5 Followers
4 Following
MatthewHunter

MatthewHunter

Currently reading

MirrorMask (children's edition)
Neil Gaiman
The Unreal and the Real: Selected Stories, Volume One: Where on Earth
Ursula K. Le Guin
Betsy and Tacy Go Downtown
Maud Hart Lovelace
The Picture of Dorian Gray
Oscar Wilde, Camille Cauti
Riders of the Purple Sage
Zane Grey
Vampires, Zombies, & Wanton Souls
Marge Simon

The End of Desire

The End of Desire - Corrine De Winter I enjoyed Corinne De Winter's beautifully written The End of Desire very much, but the reading experience is no gigglefest, that's for sure.

At the beginning, De Winter asserts the inevitability of desire:

"The feel of new skin, the kiss of an undiscovered mouth when you have woken to the same lover for years, is a great temptation. Does desire for the outside ever die? It sleeps maybe, but like dust settling continuously in corners, it's always there. It's there to inspire us, to taunt us, to let us know it will never be silenced. And this hunger is patient. It knows us inside and out. It looks at us in the mirror with infinite understanding, and like Jesus promised, it is always there for you, until you try to hold it in your arms."

This inevitability of desire takes on an increasingly fatalistic cast as the story continues. The narrator falls in, out, and back in love despite seeming to know better. Love equals pain. Loneliness equals pain. And in the end, all is loneliness, death and pain. The unrequited love and unsatisfied desire of the narrator leads to self-mutilation, alcohol and drug use, rehab and asylum stays, anything to distract from the misery that is existence. Desire is Hell, Dante's Inferno made manifest in an addled mind.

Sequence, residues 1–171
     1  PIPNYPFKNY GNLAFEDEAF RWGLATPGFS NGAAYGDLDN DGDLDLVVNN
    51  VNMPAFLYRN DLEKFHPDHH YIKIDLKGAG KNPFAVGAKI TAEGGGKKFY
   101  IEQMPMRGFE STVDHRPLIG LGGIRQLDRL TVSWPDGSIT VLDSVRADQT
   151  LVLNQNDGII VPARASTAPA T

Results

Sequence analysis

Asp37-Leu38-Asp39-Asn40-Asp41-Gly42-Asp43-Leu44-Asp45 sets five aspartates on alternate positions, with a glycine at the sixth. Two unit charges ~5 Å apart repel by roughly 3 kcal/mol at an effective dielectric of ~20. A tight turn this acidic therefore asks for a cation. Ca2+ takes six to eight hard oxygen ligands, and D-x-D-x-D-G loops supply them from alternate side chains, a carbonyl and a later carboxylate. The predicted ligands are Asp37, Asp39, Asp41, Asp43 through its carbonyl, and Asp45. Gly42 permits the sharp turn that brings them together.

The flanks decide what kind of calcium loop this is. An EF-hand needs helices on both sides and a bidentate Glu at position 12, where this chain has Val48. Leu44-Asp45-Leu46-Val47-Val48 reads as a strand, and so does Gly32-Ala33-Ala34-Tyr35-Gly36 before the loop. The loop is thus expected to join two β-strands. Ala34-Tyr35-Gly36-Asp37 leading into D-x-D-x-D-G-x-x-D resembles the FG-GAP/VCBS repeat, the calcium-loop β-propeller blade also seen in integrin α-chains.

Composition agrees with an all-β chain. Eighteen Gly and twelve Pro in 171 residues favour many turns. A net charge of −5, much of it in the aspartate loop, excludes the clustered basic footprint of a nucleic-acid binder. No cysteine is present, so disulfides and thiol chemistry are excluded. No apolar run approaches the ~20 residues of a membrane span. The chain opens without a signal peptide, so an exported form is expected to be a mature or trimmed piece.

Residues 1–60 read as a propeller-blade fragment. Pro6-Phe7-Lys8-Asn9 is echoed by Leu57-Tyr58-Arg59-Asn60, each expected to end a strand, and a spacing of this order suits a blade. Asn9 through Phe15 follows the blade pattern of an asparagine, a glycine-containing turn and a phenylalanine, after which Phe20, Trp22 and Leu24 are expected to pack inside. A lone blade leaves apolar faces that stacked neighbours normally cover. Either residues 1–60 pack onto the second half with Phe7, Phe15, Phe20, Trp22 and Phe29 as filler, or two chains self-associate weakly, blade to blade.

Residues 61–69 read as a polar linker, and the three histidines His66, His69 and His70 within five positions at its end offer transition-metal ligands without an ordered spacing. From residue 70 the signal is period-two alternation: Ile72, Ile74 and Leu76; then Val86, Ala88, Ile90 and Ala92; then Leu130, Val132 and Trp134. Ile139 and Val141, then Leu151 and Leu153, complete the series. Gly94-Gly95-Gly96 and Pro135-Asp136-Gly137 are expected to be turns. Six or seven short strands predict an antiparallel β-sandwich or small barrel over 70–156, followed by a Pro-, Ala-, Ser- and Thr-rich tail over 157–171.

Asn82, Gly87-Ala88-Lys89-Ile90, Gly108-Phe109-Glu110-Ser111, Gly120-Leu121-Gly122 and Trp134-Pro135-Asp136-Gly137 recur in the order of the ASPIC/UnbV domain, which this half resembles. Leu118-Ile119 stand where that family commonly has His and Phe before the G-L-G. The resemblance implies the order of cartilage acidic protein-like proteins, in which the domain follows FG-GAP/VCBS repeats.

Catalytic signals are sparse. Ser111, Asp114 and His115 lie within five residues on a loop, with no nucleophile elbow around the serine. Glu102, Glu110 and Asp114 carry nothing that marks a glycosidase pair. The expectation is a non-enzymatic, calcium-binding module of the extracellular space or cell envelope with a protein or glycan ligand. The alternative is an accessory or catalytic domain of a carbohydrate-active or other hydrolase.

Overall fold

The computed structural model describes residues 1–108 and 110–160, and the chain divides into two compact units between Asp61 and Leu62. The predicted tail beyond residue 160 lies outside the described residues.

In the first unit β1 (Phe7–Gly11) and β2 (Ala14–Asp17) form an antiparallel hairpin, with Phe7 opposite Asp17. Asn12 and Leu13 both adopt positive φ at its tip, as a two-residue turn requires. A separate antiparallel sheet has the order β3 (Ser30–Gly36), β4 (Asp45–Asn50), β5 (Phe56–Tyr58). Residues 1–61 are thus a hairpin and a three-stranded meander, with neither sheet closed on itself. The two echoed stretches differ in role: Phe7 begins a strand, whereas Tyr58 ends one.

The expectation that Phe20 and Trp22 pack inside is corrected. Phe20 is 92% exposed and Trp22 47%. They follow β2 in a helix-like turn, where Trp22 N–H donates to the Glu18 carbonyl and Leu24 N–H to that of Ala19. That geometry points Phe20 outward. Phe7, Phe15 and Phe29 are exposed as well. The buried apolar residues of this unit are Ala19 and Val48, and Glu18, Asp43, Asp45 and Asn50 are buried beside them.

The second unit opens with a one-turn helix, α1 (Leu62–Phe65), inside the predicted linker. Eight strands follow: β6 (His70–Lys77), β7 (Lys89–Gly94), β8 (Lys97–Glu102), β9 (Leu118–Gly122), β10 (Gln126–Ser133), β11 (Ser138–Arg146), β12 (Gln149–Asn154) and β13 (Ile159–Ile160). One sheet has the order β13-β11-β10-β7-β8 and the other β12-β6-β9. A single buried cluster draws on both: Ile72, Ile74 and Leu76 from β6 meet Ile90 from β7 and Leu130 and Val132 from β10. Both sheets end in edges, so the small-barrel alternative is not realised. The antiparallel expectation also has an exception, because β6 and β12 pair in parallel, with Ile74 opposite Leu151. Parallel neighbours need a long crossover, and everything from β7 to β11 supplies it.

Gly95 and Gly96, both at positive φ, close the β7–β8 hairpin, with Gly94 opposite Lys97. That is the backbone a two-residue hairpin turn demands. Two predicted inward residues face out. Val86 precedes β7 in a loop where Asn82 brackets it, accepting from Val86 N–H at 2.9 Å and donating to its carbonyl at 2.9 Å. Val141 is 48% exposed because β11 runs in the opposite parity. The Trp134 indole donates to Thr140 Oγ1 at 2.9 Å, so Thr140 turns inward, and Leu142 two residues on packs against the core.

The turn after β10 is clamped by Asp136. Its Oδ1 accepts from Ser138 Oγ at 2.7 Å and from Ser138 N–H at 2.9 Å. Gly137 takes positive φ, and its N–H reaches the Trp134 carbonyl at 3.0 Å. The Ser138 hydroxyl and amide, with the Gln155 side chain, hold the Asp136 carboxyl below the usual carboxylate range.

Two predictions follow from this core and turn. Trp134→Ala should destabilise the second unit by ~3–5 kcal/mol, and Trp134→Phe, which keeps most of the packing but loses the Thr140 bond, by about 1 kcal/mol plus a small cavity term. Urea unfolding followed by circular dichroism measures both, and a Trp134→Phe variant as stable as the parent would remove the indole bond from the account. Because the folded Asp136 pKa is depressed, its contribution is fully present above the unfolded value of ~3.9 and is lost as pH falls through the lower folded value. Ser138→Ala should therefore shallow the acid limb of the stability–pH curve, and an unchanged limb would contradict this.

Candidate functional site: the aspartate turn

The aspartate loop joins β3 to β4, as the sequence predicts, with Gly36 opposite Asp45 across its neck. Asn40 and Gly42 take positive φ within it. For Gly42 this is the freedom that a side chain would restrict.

De Winter is a poet. Poetic language moves throughout her prose. At times, the level of devotion resembles ecstatic religious fervor. I felt like I was reading the Song of Songs of Hebrew Scripture or St. Teresa of Avila's Interior Castle. St. Teresa's intense love of God bordered on orgasmic. No wonder break-ups lead to such an existential buzz kill!

In the end, an "Angel" gives the narrator a choice. Would she like to stop feeling the extreme highs and lows of love, forgetting about past relationships? Or would she like to remain at the mercy of desire? Ultimately, the choice is forgetfulness, psychological Botox. How the Angel (a supernatural being? drug dealer?) accomplishes this soul-deadening feat is unclear. Divine intervention? Drugs? Suicide? The last sentence - "Now, I have only to lift my arms up to the sky to float." - suggests death. De Winter has given desire another martyr.

Did I mention that De Winter's poetic language is beautiful?

"I made the wine you drank holy, your dancing sacred, but they were neither. Who I thought you were: Baker, when you fed me honey cake. Candlestick maker, when you burned pillars of beeswax. Butcher when you quartered me."

And really dark?

"I keep this picture of these girls who I've never met, and I look at it now and then, these 3 beautiful little girls who were shot in the head and chest by their father. I keep this to remember children are precious, that they need to be cared for, loved, protected, and that if there is something I can do about this sorrow that comes into some lives, I must."

Oh yeah, I guess I did.

Read it, but only during relational highs. There's no solace here.